# Do limits evaluated at infinity exist?

Here is some limit: $$\lim_{x \to b} f(x)$$

We know that for a limit to exist, we must have $$\lim_{x \to b+} f(x) = \lim_{x \to b-} f(x)$$

So I am confused because, when $b=+\infty$ we can only evaluate this limit from the left side and not the right side. We can't approach infinity from a higher infinity. Does this mean that limits evaluated at infinity don't exist and therefore none of the limit laws like addition apply to limits evaluated at infinity?

EDIT: So does that mean I can use the limit laws such as addition, composition, etc on limits evaluated at infinity as long as the limits tend to a finite value?

I.e.

$$\lim_{x \to \infty} [f(x) + g(x)] = \lim_{x \to \infty} f(x) + \lim_{x \to \infty} g(x)$$ as long as both of the separate limits are some finite value?

And so on, for multiplication, composition, etc?

• Generally, the limit as $x \to \infty$ is defined slightly differently in that we say that $\lim_{x \to \infty} f(x) =L$ iff for all $\epsilon>0$ there is some $N$ such that if $x \ge N$ then $|f(x)-L| <\epsilon$. – copper.hat Sep 18 '16 at 17:41
• Defining the limit in terms of right & left limits is a little restrictive, it is better to use an '$\epsilon$' criterion as in the previous comment. – copper.hat Sep 18 '16 at 17:43
• What if you could find a number greater than $+\infty$...? What then? As far as I see it, it wouldn't make any difference on the limit. – Simply Beautiful Art Sep 18 '16 at 22:47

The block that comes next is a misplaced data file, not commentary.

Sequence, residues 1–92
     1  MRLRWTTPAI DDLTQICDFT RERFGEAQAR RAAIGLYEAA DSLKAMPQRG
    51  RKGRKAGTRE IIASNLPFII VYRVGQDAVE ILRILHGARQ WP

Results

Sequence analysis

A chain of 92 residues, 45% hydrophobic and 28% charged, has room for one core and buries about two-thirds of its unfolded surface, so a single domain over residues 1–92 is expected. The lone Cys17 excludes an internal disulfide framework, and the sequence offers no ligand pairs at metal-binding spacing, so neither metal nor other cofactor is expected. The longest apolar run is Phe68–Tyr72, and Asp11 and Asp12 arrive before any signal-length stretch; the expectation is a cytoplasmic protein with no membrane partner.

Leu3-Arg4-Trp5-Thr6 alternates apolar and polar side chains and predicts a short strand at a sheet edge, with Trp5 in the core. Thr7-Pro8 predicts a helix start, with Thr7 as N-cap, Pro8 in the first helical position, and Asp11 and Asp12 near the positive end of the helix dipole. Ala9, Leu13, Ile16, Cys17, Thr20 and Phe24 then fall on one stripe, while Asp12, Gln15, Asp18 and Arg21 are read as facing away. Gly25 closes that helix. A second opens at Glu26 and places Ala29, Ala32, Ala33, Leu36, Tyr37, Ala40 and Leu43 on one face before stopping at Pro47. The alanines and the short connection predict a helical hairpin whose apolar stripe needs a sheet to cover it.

The notion of limit from the left/right side simply makes no sense if $x\rightarrow\infty$ or $x\rightarrow -\infty$. The rule you're refering to is only valid when $x$ tends to a (finite) number $b$.

However limits at infinity do exist. Their definition is different from limits at $b\in\mathbb{R}$, but the same algebraic rules apply to them.

Limits at infinity are defined in a different way in standard analysis.

Concretely, we will say that $\lim_{x\to \infty} f(x) = L$ if for every $\epsilon >0$ there is a $M\in\mathbb{R}$ such that for every $x>M$ we have that $|f(x)-L| < \epsilon$.

• \inf should be \infty but this stupid site won't let me do an edit with fewer than 6 characters changed. – R.. GitHub STOP HELPING ICE Sep 19 '16 at 4:37
• @R..: I'm glad I'm not the only one... – user541686 Sep 19 '16 at 4:55
• @R..: When that happens, make some other minor edits like adding spaces. =) – user21820 Sep 19 '16 at 5:09

Left and right limits are special cases of the general limit concept, and only make sense for limits $x\to b$ when $b\in{\mathbb R}$. We need them in cases when a function is defined only for $x<b$, or if $f$ is given by different expressions for $x<b$ and $x>b$. The statement $$\lim_{x\to b} f(x)=\alpha\quad\Leftrightarrow\quad \lim_{x\to b-}=\alpha\quad\wedge\quad \lim_{x\to b+}=\alpha\$$ is a proposition, and not a definition.

• This is not necessarily true. Some introductory texts or courses on real analysis might well define the two-sided limit as the conjunction of the one-side limits. – user21820 Sep 19 '16 at 5:10
• @user21820 In my opinion it's pedagogically very wrong to define a two-sided limit as the conjunction of one-sided limits. One can compute a two-sided limit using both one-sided limits, which is quite a different thing. – egreg Sep 19 '16 at 8:37
• @egreg: I agree with you completely, but was just pointing out the possibility of such a situation. – user21820 Sep 19 '16 at 8:49